PIK3CA Mutations May Be Discordant between Primary and Corresponding Metastatic Disease in Breast Cancer.PURPOSE: PIK3CA mutations are frequent in breast cancer and activate the PI3K/Akt pathway. Unexpectedly, PIK3CA mutation appears in general to be associated with better outcome. In a cohort of patients where both primary and metastatic lesions were available, the objective was to assess changes in PIK3CA mutations. We wished to discern whether selective pressures occur and the influence of PIK3CA mutation on time to recurrence. EXPERIMENTAL DESIGN: Formalin-fixed paraffin-embedded tumor blocks were obtained from 104 patients with paired samples from primary tumors and corresponding asynchronous metastatic breast tumors. Samples were analyzed for PIK3CA mutations (exons 9 and 20) as well as immunohistochemical evaluation for PTEN, pAKT, Ki67, ER, and HER2. RESULTS: PIK3CA mutation was detected in 45% of the primary tumors. Overall, there was a net gain in mutation in metastatic disease, to 53%; nonetheless, there were instances where metastases were wild type in patients with PIK3CA mutant primary tumors. Laser capture microdissection on a subset of cases revealed microheterogeneity for PIK3CA mutational status in the primary tumor. PIK3CA mutants overall showed a significantly longer time to first recurrence than wild type cases (P = 0.03). CONCLUSION: PIK3CA mutations occur at high frequency in primary and metastatic breast cancer; these may not necessarily confer increased aggressiveness as mutants had a longer time to recurrence. Because PIK3CA status quite frequently changes between primary and metastatic disease, it emphasizes the necessity of assessing the PIK3CA status in the metastatic lesion for selection of PIK3CA inhibitor therapy. Clin Cancer Res; 17(4); 667-77. ©2010 AACR.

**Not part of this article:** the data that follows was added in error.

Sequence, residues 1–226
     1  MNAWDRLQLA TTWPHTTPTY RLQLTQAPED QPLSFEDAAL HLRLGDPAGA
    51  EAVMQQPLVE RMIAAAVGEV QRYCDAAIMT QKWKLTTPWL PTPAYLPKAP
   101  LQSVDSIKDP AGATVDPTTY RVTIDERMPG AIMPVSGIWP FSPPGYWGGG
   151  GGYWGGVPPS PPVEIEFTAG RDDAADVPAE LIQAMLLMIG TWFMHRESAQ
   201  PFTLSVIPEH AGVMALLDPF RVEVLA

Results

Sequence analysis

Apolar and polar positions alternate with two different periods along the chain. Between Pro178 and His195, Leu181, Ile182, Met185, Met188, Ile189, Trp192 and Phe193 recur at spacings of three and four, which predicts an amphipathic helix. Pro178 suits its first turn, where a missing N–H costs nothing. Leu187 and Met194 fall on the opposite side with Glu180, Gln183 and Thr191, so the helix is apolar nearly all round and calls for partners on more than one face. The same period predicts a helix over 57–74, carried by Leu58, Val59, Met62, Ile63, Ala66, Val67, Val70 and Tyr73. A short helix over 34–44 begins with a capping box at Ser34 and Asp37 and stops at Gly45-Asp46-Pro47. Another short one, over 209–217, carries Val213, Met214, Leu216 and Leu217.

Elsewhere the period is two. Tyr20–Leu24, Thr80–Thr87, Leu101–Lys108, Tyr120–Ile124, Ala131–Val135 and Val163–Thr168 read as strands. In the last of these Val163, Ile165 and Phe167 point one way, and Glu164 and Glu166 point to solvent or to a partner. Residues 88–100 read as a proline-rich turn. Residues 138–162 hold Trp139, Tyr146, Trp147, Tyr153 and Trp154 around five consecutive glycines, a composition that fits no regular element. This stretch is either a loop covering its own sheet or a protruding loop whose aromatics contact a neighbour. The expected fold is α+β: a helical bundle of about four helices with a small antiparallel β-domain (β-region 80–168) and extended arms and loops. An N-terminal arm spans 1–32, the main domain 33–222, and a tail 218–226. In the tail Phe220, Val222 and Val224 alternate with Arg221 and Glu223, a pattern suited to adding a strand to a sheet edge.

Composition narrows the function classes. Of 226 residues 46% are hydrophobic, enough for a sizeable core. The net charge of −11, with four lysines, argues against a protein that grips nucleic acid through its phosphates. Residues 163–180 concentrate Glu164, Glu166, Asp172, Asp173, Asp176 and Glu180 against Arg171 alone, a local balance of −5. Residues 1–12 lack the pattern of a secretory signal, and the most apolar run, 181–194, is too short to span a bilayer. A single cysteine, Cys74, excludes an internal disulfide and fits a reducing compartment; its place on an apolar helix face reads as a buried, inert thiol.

- PIK3CA Mutations May Be Discordant between Primary and Corresponding Metastatic Disease in Breast Cancer. Dupont Jensen, J., Laenkholm, A.V., Knoop, A., Ewertz, M., Bandaru, R., Liu, W., Hackl, W., Barrett, J.C., Gardner, H. Clin. Cancer Res. (2011) [Pubmed]